Climate Smart Resilient Agriculture

Climate change is humanity’s biggest challenge and agriculture is particularly affected, given its dependency on weather and functioning ecosystems.

While agriculture is greatly impacted by a changing climate, it is also one of the biggest drivers of climate change.

In response to this urgent challenge, SFSA is including Climate-Smart, Resilient Agriculture (CSRA) as a core component of its renewed strategy. This decision highlights the need – and our determination – to help smallholders to deal better with the consequences of climate change.

Find our CSRA Strategy HERE

chevron_left chevron_right

Preparing farming systems for more extreme weather (Kenya)

Agriculture impacts climate change

Around ¼ of anthropogenic emissions worldwide are caused by agriculture, forestry, and land use changes (IPCC, 2019). More than 30% of food produced is uneaten; food loss and waste cost the global economy $936bn annually and account for 8% of planet-warming GHG emissions (WEF 2020). Smallholder agriculture is relevant in this context: emissions from smallholders in developing countries are estimated to contribute 1/3 of agricultural emissions and 1/3 of emissions from deforestation, representing ~5% of total GHG emissions (Vermeulen & Wollenberg, 2017).

Agriculture is impacted by climate change

Farming activities directly depend on climatic conditions such as rainfall, temperature, and weather predictability. A 1°C increase in average temperatures can lead to a 5-10% decrease in the major food and cash crop yields (Millan et al, 2018), while climate change is already disrupting the production of key crops like rice, wheat, and maize (FAO, 2016). Increasing temperatures also increase plant vulnerability to pests.

Smallholders agriculture and climate change

While this challenge is global, smallholder farmers in low- and middle-income countries (LMICs) are particularly exposed. Already producing low and erratic yields and often disconnected from major input and output value chains and extension services, they are uniquely vulnerable to the risks associated with climate change and the ongoing degradation of agricultural ecosystems. This is confirmed by the Intergovernmental Panel on Climate Change (IPCC) fifth assessment report, which demonstrates how cereal production is already negatively affected by climate change in many regions. In particular, the IPCC warns that decreases in crop yields of 10 to 25 % and the increased risk of outright failures in individual seasons may be widespread by 2050. This will likely increase price volatility for agricultural commodities and reduce food security.

Meanwhile, there is also potential for mitigation by smallholder farming – not least because early adoption of low-emissions agricultural development provides an opportunity for more efficient use of land, fertilizer, energy, feed and water. However, low-emissions development projects are likely to need substantial investments to provide economic incentives and financial services to smallholder households to adopt new technologies.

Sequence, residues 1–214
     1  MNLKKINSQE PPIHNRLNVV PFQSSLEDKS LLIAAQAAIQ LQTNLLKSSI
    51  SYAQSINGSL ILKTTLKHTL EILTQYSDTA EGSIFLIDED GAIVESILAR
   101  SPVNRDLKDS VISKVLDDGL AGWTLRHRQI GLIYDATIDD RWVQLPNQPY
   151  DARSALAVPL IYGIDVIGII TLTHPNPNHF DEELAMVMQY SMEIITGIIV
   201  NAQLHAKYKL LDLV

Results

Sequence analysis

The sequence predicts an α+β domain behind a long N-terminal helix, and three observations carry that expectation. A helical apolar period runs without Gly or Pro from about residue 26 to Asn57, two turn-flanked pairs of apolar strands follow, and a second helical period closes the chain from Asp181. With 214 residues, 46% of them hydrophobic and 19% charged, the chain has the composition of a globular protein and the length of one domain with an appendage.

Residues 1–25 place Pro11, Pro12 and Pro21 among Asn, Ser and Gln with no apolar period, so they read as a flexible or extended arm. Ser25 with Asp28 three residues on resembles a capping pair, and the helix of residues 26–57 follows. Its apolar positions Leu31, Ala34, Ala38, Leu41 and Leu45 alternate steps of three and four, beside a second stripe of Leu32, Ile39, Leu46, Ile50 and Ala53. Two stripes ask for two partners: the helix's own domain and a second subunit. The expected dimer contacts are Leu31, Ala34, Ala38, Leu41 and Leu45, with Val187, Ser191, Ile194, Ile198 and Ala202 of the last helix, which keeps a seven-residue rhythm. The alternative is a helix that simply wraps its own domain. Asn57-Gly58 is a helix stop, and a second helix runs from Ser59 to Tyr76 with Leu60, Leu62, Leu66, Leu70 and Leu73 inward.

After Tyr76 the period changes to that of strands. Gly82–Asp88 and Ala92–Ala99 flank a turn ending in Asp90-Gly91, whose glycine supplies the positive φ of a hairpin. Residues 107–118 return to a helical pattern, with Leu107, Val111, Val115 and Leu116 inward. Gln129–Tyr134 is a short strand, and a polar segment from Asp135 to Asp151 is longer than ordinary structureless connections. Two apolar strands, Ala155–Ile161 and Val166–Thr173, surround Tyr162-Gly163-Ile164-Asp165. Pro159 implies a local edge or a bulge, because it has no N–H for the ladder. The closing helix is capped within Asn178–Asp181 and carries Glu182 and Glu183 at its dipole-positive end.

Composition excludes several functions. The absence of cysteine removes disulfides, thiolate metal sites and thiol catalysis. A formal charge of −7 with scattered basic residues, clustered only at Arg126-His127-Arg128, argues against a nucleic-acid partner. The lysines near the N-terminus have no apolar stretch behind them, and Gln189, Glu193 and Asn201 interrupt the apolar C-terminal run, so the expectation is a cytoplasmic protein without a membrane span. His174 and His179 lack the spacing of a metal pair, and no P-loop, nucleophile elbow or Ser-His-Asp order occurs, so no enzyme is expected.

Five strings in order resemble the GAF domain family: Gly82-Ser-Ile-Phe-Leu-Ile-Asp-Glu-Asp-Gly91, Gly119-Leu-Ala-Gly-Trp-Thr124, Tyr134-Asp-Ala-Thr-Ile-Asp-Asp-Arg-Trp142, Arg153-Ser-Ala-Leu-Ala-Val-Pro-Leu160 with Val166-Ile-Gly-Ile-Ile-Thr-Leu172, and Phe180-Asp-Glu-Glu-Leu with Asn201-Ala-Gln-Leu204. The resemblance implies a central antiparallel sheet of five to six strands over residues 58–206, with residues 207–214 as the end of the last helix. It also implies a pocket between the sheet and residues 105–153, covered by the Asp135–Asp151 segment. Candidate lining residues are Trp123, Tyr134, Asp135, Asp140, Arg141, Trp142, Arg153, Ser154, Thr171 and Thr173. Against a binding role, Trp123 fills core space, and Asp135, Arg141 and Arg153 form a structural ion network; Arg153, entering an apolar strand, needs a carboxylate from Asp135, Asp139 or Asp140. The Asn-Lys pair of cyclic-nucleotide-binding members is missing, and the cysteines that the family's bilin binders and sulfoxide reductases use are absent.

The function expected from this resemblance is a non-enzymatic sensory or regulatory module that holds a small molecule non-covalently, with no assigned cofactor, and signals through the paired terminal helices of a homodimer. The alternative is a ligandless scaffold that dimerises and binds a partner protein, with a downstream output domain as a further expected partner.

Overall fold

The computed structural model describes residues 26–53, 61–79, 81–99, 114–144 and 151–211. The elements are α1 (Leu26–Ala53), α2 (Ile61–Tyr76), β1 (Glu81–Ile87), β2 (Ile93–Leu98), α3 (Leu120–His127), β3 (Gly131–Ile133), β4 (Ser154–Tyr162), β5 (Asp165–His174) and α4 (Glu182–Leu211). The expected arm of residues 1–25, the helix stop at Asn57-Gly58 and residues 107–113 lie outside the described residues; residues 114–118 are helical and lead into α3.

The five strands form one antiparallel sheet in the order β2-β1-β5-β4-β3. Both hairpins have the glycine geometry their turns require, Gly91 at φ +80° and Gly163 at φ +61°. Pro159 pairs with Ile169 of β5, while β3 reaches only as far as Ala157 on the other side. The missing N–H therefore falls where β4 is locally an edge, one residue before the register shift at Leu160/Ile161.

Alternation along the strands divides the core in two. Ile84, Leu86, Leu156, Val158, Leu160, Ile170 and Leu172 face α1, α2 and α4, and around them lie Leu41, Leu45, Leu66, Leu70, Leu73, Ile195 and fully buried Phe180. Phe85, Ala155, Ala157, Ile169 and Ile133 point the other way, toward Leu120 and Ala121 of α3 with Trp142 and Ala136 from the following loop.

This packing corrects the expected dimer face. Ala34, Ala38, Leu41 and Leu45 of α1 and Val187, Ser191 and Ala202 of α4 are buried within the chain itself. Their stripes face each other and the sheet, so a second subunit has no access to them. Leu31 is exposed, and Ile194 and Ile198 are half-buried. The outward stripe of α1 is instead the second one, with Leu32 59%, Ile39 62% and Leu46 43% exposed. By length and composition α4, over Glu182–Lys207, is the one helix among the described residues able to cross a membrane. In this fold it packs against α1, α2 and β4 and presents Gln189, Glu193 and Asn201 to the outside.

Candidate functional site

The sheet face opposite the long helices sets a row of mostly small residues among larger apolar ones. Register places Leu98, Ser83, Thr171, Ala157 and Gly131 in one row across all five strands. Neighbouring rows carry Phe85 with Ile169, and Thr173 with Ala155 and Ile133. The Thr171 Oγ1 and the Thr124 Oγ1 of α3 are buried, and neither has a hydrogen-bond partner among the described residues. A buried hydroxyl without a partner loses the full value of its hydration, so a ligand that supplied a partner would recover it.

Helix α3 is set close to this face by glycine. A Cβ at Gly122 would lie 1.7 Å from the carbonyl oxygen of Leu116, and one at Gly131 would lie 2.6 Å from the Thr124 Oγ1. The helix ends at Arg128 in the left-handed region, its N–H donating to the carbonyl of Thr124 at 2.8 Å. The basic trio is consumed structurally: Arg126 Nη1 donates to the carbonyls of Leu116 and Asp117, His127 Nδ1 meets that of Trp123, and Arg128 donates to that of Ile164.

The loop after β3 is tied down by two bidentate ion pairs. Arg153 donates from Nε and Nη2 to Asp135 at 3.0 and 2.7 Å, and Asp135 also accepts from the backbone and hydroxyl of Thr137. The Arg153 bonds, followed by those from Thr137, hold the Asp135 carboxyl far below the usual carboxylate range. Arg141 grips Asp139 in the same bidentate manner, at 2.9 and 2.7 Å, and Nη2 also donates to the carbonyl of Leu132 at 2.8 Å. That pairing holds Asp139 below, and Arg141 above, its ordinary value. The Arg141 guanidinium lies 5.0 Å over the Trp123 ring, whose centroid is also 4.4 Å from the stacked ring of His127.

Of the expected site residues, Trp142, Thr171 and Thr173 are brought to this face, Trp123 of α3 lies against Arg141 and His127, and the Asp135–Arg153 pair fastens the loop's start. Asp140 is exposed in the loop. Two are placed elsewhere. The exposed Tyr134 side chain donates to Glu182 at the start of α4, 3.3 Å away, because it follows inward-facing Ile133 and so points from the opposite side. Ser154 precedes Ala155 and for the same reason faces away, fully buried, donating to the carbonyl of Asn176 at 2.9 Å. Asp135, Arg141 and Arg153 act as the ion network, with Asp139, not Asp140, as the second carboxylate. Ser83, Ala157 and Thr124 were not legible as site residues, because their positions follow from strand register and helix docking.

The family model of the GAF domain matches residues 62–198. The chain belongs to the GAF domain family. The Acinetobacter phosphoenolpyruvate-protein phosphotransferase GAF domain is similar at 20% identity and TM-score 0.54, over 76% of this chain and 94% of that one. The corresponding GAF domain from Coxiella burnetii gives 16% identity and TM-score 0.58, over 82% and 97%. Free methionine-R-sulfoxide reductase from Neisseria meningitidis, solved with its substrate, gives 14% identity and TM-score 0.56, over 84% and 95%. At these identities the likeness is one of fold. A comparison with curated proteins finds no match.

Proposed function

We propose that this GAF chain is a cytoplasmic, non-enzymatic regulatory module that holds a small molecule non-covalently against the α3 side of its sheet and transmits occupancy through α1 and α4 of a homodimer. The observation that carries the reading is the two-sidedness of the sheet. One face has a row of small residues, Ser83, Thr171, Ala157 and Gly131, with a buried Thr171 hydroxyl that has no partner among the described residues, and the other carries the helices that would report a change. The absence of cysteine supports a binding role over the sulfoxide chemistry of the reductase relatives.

Our approach

Core definitions and elements of SFSA’s CSRA

Scratching Acacia trees

Context-specific CSRA practices

Different regions of the world derive different challenges from climate change... the diversity of farming systems we work in and the diversity of challenges they have must be reflected in our Climate Smart Resilience Agriculture practices.

Farmers Hub seedling nursery

Build programs to deliver positive outcomes across the 3 pillars of CSRA

Our CSRA project design is outcome led. We aim to deliver positive outcomes across 3 dimensions. And these dimensions are: Resilience, mitigation, and profitability & productivity.

Indonesian woman planting seeds

Effectively implementing CSRA projects

Resilience benefits tend to take time to materialize. Mitigation benefits society in general, not necessarily individual farmers. On- farm profitability has the potential to drive adoption of CSRA practices.

On the ground

Case Study Bangladesh

Bangladesh: Improving water efficiency for mango farmers

This case study is a good example of bundling multiple techniques to ensure the productivity and profitability gains that will drive farmer adoption of climate-smart practices.
Farmer-centered, market-led crop diversification

Kenya: Farmer-centered, market-led crop diversification

How to convert a situation of low agricultural productivity, degraded soils, and increased pest and disease pressure into a system of high productivity and resilience? Crop diversification may be one answer.
Strengthening of rice cultivation through weather insurance

Indonesia: Strengthening of rice cultivation through weather insurance

Index-based weather insurance has potential to be a commercially attractive proposition for insurance companies, as it offers operational efficiencies.
Case Study rice Bangladesh

Bangladesh: Introducing water-efficient technologies for rice

Alternate Wetting and Drying is a technique that saves water and also reduces greenhouse gas emissions, making farmers less dependent on declining aquifers and less vulnerable to climate change.
CSRA Ethiopia

Ethiopia: Strengthening Seed Systems of Tef

Our work in Ethiopia aims to enhance Tef productivity, an essential staple crop with high resilience to drought and water-logged soils, by developing and delivering improved varieties.